To Map Billions of Cicadas, It Takes Thousands of Citizen Scientists

Article by Linda Poon and Marie Patino: “At the end of May, Dan Mozgai will spend his vacation from his day job chasing cicadas. The bugs won’t be hard to find; in about a week, billions of the beady-eyed crawlers from Brood X will start coming up from their 17-year-long underground, blanketing parts of 15 states in the Northeast, Mid-Atlantic and Midwest with their cacophony of shrill mating calls. 

Mozgai isn’t an entomologist — he does online marketing for DirecTV. But since2007, he’s worked closely with academic researchers to track various broods of periodical cicadas,as part of one of the oldest citizen science efforts in the U.S. 

He’ll be joined by ten of thousands of other volunteers across the Brood X territory who will use the mobile app Cicada Safari, where userscan add geotagged photos and videos onto a live map, as dozens of student researchers behind the scenes verify each submission. Videos will be especially helpful this year, as it provides audio data for the researchers, says Gene Kritsky, an entomologist at Mount St. Joseph University in Cincinnati, and the creator behind Cicada Safari. He’s been testing the new app with smaller broods for two years in anticipation for this moment.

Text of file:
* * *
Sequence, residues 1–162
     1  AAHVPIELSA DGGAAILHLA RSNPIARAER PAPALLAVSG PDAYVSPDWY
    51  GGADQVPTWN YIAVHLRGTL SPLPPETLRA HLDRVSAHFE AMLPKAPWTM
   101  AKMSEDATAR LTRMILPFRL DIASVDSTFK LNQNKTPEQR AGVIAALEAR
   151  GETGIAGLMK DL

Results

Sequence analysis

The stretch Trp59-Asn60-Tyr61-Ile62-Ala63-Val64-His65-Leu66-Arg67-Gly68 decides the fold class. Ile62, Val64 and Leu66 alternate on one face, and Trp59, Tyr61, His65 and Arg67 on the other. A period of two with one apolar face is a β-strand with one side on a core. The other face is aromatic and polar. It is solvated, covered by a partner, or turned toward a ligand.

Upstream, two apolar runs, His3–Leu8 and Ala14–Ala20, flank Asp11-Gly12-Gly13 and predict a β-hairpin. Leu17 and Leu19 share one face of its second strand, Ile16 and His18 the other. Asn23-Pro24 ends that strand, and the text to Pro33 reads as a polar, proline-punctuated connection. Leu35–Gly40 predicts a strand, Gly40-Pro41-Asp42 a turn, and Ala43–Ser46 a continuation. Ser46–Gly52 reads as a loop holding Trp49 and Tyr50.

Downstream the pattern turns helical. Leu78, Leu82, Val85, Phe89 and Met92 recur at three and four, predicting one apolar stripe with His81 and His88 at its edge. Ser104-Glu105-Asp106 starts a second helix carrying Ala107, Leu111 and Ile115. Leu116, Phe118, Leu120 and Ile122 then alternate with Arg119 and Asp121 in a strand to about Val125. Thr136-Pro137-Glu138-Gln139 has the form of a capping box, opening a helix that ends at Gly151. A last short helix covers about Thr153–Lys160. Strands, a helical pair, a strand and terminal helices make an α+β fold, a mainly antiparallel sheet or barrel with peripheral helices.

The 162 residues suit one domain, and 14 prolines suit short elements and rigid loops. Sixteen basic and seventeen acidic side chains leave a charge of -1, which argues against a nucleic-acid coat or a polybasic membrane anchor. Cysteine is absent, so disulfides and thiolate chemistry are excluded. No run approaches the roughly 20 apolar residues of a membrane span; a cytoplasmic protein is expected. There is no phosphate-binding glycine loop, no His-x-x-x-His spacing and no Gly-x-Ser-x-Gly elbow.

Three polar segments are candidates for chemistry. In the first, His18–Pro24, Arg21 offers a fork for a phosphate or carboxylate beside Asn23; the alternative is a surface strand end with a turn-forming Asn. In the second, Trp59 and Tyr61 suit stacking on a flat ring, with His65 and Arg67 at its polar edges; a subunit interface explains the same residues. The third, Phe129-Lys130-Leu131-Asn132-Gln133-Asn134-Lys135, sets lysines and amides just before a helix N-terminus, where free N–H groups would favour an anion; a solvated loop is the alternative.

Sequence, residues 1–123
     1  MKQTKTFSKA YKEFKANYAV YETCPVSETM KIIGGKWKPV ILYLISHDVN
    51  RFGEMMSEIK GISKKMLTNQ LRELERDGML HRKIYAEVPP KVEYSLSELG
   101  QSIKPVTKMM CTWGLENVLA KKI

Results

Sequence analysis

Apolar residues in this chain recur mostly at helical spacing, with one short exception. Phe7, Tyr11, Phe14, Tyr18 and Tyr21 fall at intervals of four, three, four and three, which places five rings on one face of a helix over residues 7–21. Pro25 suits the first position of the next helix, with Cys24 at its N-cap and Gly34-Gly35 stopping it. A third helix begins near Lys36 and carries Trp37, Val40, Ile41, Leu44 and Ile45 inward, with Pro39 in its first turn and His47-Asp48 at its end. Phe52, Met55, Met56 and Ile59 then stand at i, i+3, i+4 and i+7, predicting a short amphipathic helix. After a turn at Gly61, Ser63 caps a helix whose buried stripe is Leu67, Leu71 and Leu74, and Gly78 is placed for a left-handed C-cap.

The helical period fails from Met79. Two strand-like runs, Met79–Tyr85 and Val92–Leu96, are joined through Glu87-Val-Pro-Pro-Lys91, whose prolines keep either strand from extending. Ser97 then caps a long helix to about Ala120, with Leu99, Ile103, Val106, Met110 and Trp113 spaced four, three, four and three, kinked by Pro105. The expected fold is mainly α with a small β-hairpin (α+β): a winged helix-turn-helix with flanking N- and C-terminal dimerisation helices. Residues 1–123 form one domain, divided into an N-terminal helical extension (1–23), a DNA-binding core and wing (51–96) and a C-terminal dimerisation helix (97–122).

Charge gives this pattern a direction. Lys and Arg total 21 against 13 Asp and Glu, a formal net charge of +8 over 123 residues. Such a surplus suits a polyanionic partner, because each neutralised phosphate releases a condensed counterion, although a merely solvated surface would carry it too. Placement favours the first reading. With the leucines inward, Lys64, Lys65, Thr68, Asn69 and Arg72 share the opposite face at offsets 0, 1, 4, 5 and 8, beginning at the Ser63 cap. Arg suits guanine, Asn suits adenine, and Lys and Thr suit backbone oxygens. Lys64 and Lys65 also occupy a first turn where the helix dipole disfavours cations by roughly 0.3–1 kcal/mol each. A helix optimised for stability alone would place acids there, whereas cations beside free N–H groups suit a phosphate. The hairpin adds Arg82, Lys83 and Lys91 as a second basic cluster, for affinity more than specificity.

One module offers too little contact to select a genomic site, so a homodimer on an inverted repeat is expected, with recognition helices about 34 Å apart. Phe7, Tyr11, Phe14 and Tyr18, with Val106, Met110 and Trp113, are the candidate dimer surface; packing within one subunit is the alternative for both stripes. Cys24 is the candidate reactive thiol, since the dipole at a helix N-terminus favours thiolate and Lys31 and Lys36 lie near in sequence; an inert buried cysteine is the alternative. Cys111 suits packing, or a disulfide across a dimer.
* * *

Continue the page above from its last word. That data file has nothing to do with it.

Brood X,  is one of the largest, and mostly broadly distributed geographically, of periodical cicadas, which emerge every 13 or 17 years. They’ll stick around for just a few weeks, through June, to mate and lay eggs.

“With the smartphone technology and the GPS location services, it was just a perfect way to do citizen science,” Kritsky says. Some 87,000 people have signed up as of the beginning of May, and they’ve already documented several early risers, especially around Cincinnati and Washington, D.C. — two of the expected hotspot…(More)”.